26 July 2008

"Mature Audiences"

I did not write this article, but I heartily agree. I suppose we would rather have others think of us as mature as opposed to immature sometimes, but the word's meaning is getting rather slurred. Can we not grow up gracefully, and applaud wisdom and discretion?


For Mature Audiences Only

Keith and I have wondered out loud lately, how a word that should be a compliment, “adult,” has come to mean something bad--adult bookstores, adult movies, adult shops. If a person knew no better, and walked into one of those places what would he see that could be described as “mature” the way the scriptures use the word? It reminds me of Isaiah’s warning: Woe unto those who call evil good and good evil; who put darkness for light and light for darkness, who put sweet for bitter, and bitter for sweet, 5:20.

I think there should be a new movie rating: AM. It stands for “adolescent mentality.” Any movie that uses such a meager vocabulary that most of the words have only four letters, that has no dramatic, tension building dialogue lasting longer than ninety seconds before throwing in an explosion or gunfight to get the audience’s attention again, and of course, one that attempts to satisfy the prurient interests of the hormonally-explosive adolescent would get my new rating. Then those of us who want to behave like real adults, who have larger vocabularies, who don’t need voyeurism to get our kicks, and who have an attention span longer than a minute or two can actually enjoy real adult entertainment.

The problem with having an adolescent mentality when it comes to entertainment is that it spills over into the rest of our lives. Can I sit still long enough to pray? Make yourself pray at least ten minutes today, by the clock. Can you? You see, once you get past the standard phrases, two minutes at most, you can really open up to your God, and talk to him. If you cannot sit still that long, you may have never really prayed.

Can I follow a rational argument long enough to study the first 11 chapters of Romans, arguably Paul’s greatest thesis? Can I study without being led by the hand, or do I simply rely on someone else to do it for me? Do I have the maturity to honestly examine myself and actually try to do better? Being a Christian may mean fighting some important battles, but the biggest are usually fought inside yourself and against yourself, with quiet implosions, not loud explosions.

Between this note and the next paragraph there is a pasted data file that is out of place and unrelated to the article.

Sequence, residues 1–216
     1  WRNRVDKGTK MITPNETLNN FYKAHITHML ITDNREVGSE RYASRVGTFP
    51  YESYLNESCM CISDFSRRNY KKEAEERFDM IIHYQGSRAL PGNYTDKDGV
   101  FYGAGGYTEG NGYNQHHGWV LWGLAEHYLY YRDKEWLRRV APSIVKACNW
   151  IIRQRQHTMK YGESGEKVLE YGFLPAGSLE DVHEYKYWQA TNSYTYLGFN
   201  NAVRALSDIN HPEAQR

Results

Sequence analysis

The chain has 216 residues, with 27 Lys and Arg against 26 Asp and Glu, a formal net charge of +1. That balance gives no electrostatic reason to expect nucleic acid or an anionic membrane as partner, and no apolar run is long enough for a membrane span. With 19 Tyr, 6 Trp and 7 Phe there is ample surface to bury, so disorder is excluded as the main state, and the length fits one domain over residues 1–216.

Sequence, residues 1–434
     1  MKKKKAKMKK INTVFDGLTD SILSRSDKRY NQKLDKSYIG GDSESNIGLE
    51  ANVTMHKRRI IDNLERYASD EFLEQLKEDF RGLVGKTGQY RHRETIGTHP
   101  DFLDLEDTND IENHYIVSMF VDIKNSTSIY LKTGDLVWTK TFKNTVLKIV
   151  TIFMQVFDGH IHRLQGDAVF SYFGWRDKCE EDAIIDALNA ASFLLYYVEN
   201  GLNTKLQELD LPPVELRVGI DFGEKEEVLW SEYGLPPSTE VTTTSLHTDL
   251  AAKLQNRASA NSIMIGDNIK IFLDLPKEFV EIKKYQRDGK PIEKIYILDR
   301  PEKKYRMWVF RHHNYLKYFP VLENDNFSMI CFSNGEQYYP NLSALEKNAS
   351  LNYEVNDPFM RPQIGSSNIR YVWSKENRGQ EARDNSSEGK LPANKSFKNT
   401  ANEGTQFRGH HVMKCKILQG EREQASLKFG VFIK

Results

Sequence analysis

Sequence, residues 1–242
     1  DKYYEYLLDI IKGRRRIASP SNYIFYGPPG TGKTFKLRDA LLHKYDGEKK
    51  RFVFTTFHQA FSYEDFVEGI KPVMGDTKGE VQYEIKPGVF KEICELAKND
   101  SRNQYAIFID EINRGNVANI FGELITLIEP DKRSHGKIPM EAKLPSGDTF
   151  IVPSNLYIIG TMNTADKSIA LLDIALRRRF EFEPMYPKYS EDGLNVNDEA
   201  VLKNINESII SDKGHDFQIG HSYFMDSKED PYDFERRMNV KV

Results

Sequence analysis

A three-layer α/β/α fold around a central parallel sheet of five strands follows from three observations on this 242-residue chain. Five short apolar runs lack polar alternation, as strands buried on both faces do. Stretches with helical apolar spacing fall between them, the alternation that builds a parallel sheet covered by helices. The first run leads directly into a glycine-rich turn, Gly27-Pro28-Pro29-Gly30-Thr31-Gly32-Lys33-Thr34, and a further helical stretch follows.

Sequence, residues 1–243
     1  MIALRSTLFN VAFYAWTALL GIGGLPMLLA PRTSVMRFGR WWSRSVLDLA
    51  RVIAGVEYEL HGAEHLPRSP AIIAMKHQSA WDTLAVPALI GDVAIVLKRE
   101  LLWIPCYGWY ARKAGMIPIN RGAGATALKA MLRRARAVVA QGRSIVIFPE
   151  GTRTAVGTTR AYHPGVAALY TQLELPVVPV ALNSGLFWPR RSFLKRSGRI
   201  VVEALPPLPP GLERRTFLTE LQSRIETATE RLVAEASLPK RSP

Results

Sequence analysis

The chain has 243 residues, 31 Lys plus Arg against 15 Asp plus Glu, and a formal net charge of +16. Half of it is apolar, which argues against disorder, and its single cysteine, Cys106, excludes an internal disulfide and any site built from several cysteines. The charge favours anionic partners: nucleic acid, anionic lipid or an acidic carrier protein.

When we start out, we are all babes in Christ, but he expects us to grow up eventually. That means some tedious work listening to sermons, attending classes, doing our own Bible study. Adults understand that not everything can be fun. It means some long, quiet moments with God. It means some painful moments of self-discovery. Are we adult enough to handle it? Our society’s brand of entertainment speaks otherwise, and unfortunately, society usually winds up worming its way into the body of Christ.

When Paul told the Corinthians to Act like men, in 1 Cor 16:13, he was bringing the epistle to its logical end. While Act like men refers to courage under fire, maybe it can mean something else as well. In chapter three he calls them “babies,” but now perhaps he is also saying, “Act like adults.” Would he say the same thing to us?

But I, brothers, could not speak to you as spiritual men, but as carnal, as babies in Christ. I fed you with milk, not with meat, for you were not able, and even now you are not able, for you are yet carnal…For everyone who partakes of milk is without experience in the word of righteousness, for he is a baby. But solid food is for full-grown men who by reason of use have their senses exercised to discern good and evil…Be watchful, stand firm in the faith. Act like men, be strong. 1 Cor 3:1-3; Heb 5:13,14; 1 Cor 16:13

~ Dene Ward
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